22 year-old Marine Jared Hubbard was killed in Iraq in 2004. His brother Nathan, an Army officer, died there this week when the Black Hawk he was in crashed ending the lives of Hubbard and 13 more soldiers. He was 21.
A third brother, Jason, 33, went to Iraq in 2005. His mother told the Fresno Bee at that time that the elder brother wanted to protect Nathan from Jared’s fate. Now the Hubbard’s third son is on his way home to Clovis, California to bury his second sibling.
Clovis Police spokeswoman Janet Stoll-Lee said the family is taking this “very, very hard.” The parents, Jeff Hubbard, a retired 30-year police force veteran, and his wife, Peggy have been in seclusion.
Yet, as a mother, it is Peg I would most like to hear from. America needs to know-- if only she would tell us-- what she is feeling in the depths of her broken heart.
Losing a child changes a parent forever. It is impossible to fathom what losing two children in the space of three years would do; but sacrificing one’s children for a useless, wasteful, ridiculous war that even generals now admit cannot be won must inflict incalculable damage.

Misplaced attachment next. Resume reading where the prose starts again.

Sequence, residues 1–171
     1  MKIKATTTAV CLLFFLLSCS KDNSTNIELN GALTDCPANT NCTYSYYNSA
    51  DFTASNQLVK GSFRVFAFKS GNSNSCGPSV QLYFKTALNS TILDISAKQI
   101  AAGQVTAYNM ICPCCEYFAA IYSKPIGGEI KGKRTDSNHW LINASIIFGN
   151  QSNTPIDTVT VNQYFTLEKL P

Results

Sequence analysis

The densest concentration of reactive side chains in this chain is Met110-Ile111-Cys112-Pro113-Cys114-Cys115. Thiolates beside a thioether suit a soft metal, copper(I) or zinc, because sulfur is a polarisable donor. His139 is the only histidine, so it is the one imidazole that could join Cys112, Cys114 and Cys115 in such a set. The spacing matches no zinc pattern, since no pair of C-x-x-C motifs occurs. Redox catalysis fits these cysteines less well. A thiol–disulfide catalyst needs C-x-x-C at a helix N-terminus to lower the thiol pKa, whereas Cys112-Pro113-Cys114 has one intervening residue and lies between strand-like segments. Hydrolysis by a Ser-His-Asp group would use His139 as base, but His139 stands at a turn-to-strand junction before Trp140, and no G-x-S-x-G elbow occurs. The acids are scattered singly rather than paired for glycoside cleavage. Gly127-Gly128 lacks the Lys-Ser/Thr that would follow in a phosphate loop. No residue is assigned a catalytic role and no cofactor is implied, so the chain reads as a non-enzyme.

The Hubbard sons’ deaths make us realize that we haven’t heard from enough mothers on the war in Iraq. I’d like more women to come forward—mothers, wives and lovers of the men who have been sacrificed for nothing in the so-called “war on terror” where imaginary “weapons of mass destruction” killed our best and brightest, sent to Iraq by a Commander-in-Chief too cowardly to go a war himself when it was his turn.
I want to hear the rage of women who have lost the men they love for no good reason. I want their wails and sobs to fill America’s streets, its airwaves, every chapel, cathedral, temple and mosque. I’d like campuses, state houses, town halls and chambers of Congress to be overrun with their outrage and despair.
I long for their sobs and their anger to drown out the cowardly silence of political whores who have allowed this war to go on and on uselessly, trading the blood of our sons and lovers for personal gain and wider re-election chances.
I want Peg Hubbard to tell us how it feels to send a third son back to war after lowering two others into the ground. I’d like to hear what thoughts fill her sleepless nights and hopeless days. I want her and women like her to break their silence and unfurl their devastation tightly-wrapped in tri-folded flags removed from caskets and presented to them at gravesides.
It’s hard to love a country that doesn’t love you back. It’s folly to respect a government that has no respect for your children
If men don’t have the courage to say so, maybe the women who gave birth to the men will speak out, so the Hubbard brothers’ deaths will, finally, have meaning.
- ► 2008 (17)